Ally Green has at last returned home to Lowcountry, Mount Pleasant, South Carolina. She is sixty years old and her father has recently died, so Ally must put his affairs in order. Perhaps she can at last put her life in order, as well. Her father wanted her to stay, but her restless spirit tempts her to begin wandering from place to place again.
Vesey Washington has lived across the creek from Ally’s family his whole life and he is still there. He cared for her father, the local doctor, in his final years and welcomes Ally home. Theirs is a long, richly complex relationship. Ally was drawn to him from the first time she laid eyes on him, in 1950’s America their friendship — much less anything more — was strictly forbidden. They’d sneak off to fish and talk until one day when Ally threw caution to the wind, not realizing that Vesey’s mother was watching. She has always regretted her actions and still feels guilty that Vesey suffered as a result of her carelessness.
Ally traveled the world, collecting stone statues from various countries, all of which she has brought home to place in her parents’ garden. She has also brought with her nearly forty years’ worth of sorrow.
Meanwhile, in faraway Nepal, a woman named Sunila sees the chance for freedom that she has only dared dream about. She knows that she was not born to her parents. They have always told her that she was abandoned when she was just an infant, and they took her in. As a child, she admired the book of angels and gods that the owner of the rock quarry let her peruse. When he elevated her to a stone cutter, he no longer allowed her to gaze at it, but she carved the statues depicted in it from memory, working to pay off her family’s debt and secure their freedom. At last the evil man is dead and she sees an opportunity to escape from the slavery she has known her entire life, not realizing just how far and transforming her journey will be.
Every so often a book draws its reader so completely into the story that the reader both wants to read feverishly to find out how the story ends and is simultaneously sad upon reading the last word because that means that the wonderful relationship he/she is enjoying with the characters and their experiences has concluded. Beyond Molasses Creek is preciously such a book.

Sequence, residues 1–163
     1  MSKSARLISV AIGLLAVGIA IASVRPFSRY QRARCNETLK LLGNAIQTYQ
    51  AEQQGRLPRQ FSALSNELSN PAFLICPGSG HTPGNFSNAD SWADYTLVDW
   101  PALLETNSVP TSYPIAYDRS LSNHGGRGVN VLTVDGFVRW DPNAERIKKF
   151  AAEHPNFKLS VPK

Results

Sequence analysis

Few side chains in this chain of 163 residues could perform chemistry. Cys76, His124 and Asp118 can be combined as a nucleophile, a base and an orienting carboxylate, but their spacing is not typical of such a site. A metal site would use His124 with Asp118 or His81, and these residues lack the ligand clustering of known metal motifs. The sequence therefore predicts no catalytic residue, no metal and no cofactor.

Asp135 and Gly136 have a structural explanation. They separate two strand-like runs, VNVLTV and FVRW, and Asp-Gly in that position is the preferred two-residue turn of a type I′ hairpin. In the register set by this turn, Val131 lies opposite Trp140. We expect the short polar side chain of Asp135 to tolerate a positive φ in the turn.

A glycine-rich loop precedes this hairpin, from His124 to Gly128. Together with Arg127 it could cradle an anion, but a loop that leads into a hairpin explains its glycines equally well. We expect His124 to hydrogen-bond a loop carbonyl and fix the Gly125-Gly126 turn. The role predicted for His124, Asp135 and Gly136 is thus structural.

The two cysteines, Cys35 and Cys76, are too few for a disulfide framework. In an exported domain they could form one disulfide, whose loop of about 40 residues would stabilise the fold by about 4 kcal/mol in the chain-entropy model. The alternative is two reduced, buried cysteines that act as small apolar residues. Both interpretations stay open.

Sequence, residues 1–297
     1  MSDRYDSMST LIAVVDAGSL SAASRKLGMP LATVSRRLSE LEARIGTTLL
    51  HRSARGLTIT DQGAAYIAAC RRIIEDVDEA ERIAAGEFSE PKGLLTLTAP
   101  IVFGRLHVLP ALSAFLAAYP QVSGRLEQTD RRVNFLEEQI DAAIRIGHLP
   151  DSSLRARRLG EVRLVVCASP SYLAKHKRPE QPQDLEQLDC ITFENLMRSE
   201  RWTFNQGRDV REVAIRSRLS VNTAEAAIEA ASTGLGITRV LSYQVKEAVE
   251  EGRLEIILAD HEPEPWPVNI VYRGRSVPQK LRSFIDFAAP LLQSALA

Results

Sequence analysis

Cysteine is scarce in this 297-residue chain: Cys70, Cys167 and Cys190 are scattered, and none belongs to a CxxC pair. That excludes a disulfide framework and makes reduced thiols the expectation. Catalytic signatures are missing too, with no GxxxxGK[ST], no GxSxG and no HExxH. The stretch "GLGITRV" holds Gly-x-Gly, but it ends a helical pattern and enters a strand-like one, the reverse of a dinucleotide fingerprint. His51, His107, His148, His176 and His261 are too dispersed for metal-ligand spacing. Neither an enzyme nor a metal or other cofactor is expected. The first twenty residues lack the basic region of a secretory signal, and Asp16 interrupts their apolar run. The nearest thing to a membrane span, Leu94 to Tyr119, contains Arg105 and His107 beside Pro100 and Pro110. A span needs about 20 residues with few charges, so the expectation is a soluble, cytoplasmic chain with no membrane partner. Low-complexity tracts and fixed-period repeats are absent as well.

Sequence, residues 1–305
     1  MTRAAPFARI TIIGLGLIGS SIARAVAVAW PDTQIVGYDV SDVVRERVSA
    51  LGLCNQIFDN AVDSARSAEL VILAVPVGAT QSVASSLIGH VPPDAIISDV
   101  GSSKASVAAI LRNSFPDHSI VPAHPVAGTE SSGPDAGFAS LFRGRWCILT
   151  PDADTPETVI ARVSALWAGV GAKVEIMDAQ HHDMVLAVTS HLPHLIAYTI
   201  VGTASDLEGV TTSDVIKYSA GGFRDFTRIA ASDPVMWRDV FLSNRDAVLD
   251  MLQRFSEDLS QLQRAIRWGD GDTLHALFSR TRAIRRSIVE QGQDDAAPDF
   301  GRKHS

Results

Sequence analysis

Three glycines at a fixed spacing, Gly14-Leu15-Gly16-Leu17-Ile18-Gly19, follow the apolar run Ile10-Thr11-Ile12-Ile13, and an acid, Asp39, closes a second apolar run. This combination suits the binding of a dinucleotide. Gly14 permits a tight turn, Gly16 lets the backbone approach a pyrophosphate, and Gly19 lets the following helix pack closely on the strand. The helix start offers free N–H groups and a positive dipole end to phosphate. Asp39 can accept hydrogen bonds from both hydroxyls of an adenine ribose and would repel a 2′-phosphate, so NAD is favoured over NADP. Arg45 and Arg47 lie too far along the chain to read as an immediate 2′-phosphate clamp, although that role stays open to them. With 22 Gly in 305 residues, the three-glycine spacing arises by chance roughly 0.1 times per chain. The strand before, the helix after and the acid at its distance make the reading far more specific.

Author Nicole Seitz has created a mesmerizing, exquisitely depicted story of two women whose lives have unfolded on opposite sides of the world. But they are connected in the most meaningful way imaginable. Both experience profound sadness and loss, their unrealized dreams depositing them on the brink of despair. Yet the slightest tinge of hope propels them forward toward a future that neither of them could have imagined possible.
To reveal too much about their story would spoil the experience of reading Seitz’s richly layered tale of forgiveness, redemption, hope, and the power of unconditional friendship, all of which are poignantly illustrated through Ally’s complicated but enduring relationship with Vesey, a man of integrity, honor, and profound humility who always understood the things that Ally finally learns only upon her return to her family home. Until the death of her father brought her back home, Ally spent her life traveling the world, seeing all the places Vesey knew nothing about as he remained in South Carolina farming, fishing, and raising three children with his wife, Beulah. With Vesey never far from her thoughts and always in her heart, Ally believed that societal norms and pressures prevented her from being with Vesey, making her as much a victim as the formal caste system that inflicted unspeakable hardships upon Sunila. Vesey always knew where he belonged and what mattered most to him.
The two women relate their stories through alternating first-person narratives. At first, Ally’s return to the river bank, across which lies Vesey’s home, seems to be entirely at odds with Sunila’s escape from the Nepalese rock quarry. But Seitz skillfully provides clues at expertly-timed intervals, gradually allowing her readers to see how Ally and Sunila are connected, and that no aspect of their lives has been coincidental or random. Messages left for Ally by her father, as well as her memories of the wisdom he imparted to her over the years and Vesey’s boundless compassion and friendship, demonstrate that her journey has led her to one defining, climactic moment after which her life will never be the same.
Vividly descriptive and emotionally satisfying on every level, Beyond Molasses Creek is a rare treasure: a moving story that continues to resonate and begs to be re-read in order to experience Seitz’s beautifully crafted tale on a deeper level given that the outcome is already known. Beyond Molasses Creek would make an excellent book club selection because the varied themes and symbolism lend themselves to meaningful discussion.